On Fri, Nov 18, 2016 at 12:17 PM, Peter Geoghegan <p...@heroku.com> wrote: > So, the Btree you show is supposed to be good? You've left it up to me > to draw T2, the corrupt version? If so, here is a drawing of T2 for > the sake of clarity: > > Btree = [a|b] > / \ > / \ > / \ > [a]-------[b] > | | > | | > [c]-------[d]
Actually I meant that at T2 the btree is exactly same as it was at T1, but the order of the values has changed according to the comparator (for example, because a collation definition changed when you updated your operating system), so that the btree is now corrupted. Based on Goetz Graefe's paper I was wondering if amcheck would be unable to detect this due to the cousin problem. >> Now c and b have been switched around. Won't amcheck still pass since >> we only verify immediate downlinks and siblings? Yet searches for b >> will take a wrong turn at the root. Do I have this right? I wonder >> if there is a way to verify that each page's high key < the 'next' key >> for all ancestors. > > I don't think you have it right, because your argument is predicated > on classic L&Y, not the Postgres variant. The high key is literally > guaranteed to be *equal* to the initial first value of the right half > of a split page post-split (at least initially), which is where the > new downlink for the new right half comes from in turn, so it will be > exactly equal as well. There is a comment which says all this within > _bt_insert_parent(), actually. > > In general, I think it's pretty bad that we're so loose about > representing the key space in downlinks compared to classic L&Y, > because it probably makes index bloat a lot worse in internal pages, > messing up the key space long term. As long as we're doing that, > though, we clearly cannot usefully "verify that each page's high key < > the 'next' key for all ancestors", because we deviate from L&Y in a > way that makes that check always fail. It's okay that it always fails > for us (it doesn't actually indicate corruption), because of our > duplicate-aware index scan logic (change to invariant). > > In summary, I'm pretty sure that our "Ki <= v <= Ki+1" thing makes the > cousin problem a non-issue, because we don't follow downlinks that are > equal to our scankey -- we go to their immediate left and start > *there*, in order to support duplicates in leaf pages. Index scans for > 'b' work for both T1 and T2 in Postgres, because we refuse to follow > the 'b' downlinks when doing an index scan for 'b' (relevant to T2). I > would actually like to change things to make the invariant the classic > L&Y "Ki < v <= Ki+1", to avoid bloat in the internal pages and to make > suffix truncation in internal pages work. > > So, we don't have the cousin problem, but since I wish for us to adopt > the stricter classic L&Y invariant at some point, you could say that I > also wished that we had the cousin problem. Thank you for your patient explanation! Please see my humble attempt to test this scenario and learn something about btrees in the process, attached. amcheck does detect the violation of the high key invariant. > Confused yet? :-) Yes. But it's getting better slowly :-) -- Thomas Munro http://www.enterprisedb.com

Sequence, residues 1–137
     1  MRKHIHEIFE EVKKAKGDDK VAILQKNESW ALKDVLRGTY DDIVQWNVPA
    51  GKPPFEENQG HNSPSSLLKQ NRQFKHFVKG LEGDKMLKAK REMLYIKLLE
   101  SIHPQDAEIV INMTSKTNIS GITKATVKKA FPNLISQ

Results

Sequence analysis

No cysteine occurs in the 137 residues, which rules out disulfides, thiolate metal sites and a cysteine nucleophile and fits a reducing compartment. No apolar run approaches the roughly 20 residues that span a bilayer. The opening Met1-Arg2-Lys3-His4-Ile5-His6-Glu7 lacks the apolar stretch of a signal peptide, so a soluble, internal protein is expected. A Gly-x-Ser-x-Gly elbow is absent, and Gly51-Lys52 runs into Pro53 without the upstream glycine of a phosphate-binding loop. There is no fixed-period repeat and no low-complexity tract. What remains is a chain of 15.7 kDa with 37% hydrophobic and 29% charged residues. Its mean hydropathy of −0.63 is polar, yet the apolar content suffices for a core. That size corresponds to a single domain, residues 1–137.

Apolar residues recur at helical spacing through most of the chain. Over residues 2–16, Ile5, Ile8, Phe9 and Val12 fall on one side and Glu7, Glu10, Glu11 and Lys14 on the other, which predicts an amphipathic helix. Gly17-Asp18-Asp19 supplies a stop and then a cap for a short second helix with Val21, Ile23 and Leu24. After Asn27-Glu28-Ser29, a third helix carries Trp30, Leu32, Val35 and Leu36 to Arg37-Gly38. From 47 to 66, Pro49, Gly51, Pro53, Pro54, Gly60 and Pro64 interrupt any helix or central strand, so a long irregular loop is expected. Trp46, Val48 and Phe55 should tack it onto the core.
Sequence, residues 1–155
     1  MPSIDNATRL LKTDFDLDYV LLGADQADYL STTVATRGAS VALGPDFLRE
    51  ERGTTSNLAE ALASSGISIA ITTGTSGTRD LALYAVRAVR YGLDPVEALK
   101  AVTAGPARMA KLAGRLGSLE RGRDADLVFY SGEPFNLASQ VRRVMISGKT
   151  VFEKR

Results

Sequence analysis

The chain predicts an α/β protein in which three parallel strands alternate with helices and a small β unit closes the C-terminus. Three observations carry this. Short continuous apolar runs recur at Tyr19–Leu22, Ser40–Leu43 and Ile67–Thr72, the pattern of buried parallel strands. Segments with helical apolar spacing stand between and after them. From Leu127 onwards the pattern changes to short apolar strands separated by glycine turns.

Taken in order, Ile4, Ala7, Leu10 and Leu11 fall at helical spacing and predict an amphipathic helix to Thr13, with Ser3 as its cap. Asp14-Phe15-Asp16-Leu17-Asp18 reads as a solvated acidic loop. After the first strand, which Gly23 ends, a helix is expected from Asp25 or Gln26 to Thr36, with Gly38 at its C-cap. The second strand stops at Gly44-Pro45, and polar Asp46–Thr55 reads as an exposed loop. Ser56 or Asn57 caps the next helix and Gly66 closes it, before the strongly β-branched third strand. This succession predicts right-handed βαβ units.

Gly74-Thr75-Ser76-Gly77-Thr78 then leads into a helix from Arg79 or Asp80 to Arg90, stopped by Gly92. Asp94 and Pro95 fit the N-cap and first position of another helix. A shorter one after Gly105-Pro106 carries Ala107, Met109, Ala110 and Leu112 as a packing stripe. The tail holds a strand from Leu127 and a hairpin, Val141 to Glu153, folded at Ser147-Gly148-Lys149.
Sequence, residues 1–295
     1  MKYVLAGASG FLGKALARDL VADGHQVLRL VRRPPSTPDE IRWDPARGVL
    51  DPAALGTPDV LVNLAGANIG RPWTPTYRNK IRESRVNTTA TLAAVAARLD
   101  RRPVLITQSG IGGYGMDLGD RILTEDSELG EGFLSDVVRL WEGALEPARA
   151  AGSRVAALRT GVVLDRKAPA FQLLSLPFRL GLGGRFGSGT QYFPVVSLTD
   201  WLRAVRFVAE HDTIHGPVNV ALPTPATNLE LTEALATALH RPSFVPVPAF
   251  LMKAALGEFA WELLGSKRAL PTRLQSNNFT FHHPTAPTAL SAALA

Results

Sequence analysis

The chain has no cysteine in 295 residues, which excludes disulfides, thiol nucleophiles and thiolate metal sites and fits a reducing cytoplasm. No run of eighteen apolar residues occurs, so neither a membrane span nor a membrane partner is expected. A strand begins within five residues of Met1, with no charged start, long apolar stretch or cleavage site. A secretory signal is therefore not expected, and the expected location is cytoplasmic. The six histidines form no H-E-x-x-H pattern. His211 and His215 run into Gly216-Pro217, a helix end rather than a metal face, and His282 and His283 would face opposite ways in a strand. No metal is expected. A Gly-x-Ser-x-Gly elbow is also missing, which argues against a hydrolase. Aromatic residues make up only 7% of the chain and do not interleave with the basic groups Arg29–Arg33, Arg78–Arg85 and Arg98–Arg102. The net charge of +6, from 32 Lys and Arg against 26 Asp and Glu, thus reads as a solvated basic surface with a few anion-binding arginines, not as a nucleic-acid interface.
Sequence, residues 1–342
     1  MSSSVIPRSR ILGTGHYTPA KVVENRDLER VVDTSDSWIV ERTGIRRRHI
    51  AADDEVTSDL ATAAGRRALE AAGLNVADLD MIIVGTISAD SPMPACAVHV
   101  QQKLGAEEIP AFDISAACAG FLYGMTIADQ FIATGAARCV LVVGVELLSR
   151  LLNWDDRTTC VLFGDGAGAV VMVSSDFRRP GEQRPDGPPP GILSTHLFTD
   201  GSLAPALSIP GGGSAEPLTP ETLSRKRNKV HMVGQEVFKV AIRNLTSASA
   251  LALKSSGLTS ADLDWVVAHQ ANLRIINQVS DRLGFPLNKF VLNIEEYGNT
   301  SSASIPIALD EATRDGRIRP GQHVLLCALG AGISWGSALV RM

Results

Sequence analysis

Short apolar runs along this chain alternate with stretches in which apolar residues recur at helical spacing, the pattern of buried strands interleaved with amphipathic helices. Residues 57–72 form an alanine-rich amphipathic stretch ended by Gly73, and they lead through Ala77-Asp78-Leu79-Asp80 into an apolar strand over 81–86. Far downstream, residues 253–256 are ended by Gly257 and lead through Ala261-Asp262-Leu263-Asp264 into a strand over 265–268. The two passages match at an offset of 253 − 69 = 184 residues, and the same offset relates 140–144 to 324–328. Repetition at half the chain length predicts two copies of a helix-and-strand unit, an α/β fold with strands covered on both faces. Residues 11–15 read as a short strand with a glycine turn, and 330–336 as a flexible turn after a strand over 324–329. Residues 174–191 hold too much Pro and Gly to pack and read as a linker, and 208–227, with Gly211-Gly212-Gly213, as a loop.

create extension if not exists amcheck; create extension if not exists pageinspect; drop table if exists my_table; drop type if exists my_type; -- define an enum ordered a, b, c, d, but do it in a funky way that results in -- odd OIDs that we can later mess around with create type my_type as enum ('d'); alter type my_type add value 'c' before 'd'; alter type my_type add value 'b' before 'c'; alter type my_type add value 'a' before 'b'; create table my_table (my_column my_type, counter serial); create index my_index on my_table(my_column); create or replace function pretty_print_btree_recurse(pageno int, height int, level int) returns void language plpgsql as $$ declare v_spaces text := rpad('', (height - level) * 2, ' '); v_ctid text; v_subpageno int; v_key_hex text; v_key_oid oid; v_key_label text; v_page_description text; v_item int; begin if height = level then v_page_description := 'root'; elsif level = 0 then v_page_description := 'leaf'; else v_page_description := 'intl'; end if; for v_ctid, v_key_hex, v_item in select ctid::text, data, itemoffset from bt_page_items('my_index', pageno) loop if v_ctid like '(4294967295,%' then continue; end if; v_subpageno := (v_ctid::point); v_key_oid := ('x' || substring(v_key_hex, 1, 2))::bit(8)::int + (('x' || substring(v_key_hex, 4, 2))::bit(8)::int << 8); v_key_label := coalesce((select enumlabel from pg_enum where oid = v_key_oid::oid), '-inf'); if level = 0 then raise info '% % page % item %: [%] -> heap tuple', v_spaces, v_page_description, pageno, v_item - 1, v_key_label; else raise info '% % page % item %: [%] -> page %', v_spaces, v_page_description, pageno, v_item, v_key_label, v_subpageno; end if; if level > 0 then perform pretty_print_btree_recurse(v_subpageno, height, level - 1); end if; end loop; end; $$; create or replace function pretty_print_btree() returns void language plpgsql as $$ declare v_root int; v_height int; begin select root, level into v_root, v_height from bt_metap('my_index'); if v_root = 0 then raise info 'empty btree'; else perform pretty_print_btree_recurse(v_root, v_height, v_height); end if; end; $$; truncate my_table; insert into my_table (my_column) select 'a' from generate_series(1, 64000); insert into my_table (my_column) select 'c' from generate_series(1, 64000); insert into my_table (my_column) select 'b' from generate_series(1, 64000); insert into my_table (my_column) select 'd' from generate_series(1, 64000); delete from my_table where my_column = 'a' and counter > (select min(counter) from my_table where my_column = 'a'); delete from my_table where my_column = 'b' and counter > (select min(counter) from my_table where my_column = 'b'); delete from my_table where my_column = 'c' and counter > (select min(counter) from my_table where my_column = 'c'); delete from my_table where my_column = 'd' and counter > (select min(counter) from my_table where my_column = 'd'); vacuum my_table; -- now we have a btree that looks like this: -- Btree = [a|c] -- / \ -- / \ -- / \ -- [a]-------[c] -- | | -- | | -- [b]-------[d] select pretty_print_btree(); set seq_page_cost to 100; set enable_bitmapscan to false; -- we can find b by index scan select * from my_table where my_column = 'b'; -- now mess with the sort order of the enum, as a cheap hack way to simulate -- a collation order change affecting a text field. this switches the order -- of 'b' and 'c' around in the enum update pg_enum set enumsortorder = 999 where enumtypid = 'my_type'::regtype and enumlabel = 'c'; update pg_enum set enumsortorder = 0 where enumtypid = 'my_type'::regtype and enumlabel = 'b'; update pg_enum set enumsortorder = -1 where enumtypid = 'my_type'::regtype and enumlabel = 'c'; -- log out and back in again to nuke syscache -- now we can't find 'b' by index scan anymore! set seq_page_cost to 100; set enable_bitmapscan to false; select * from my_table where my_column = 'b'; -- let's see what amcheck says about that select bt_index_check('my_index'); ERROR: high key invariant violated for index "my_index"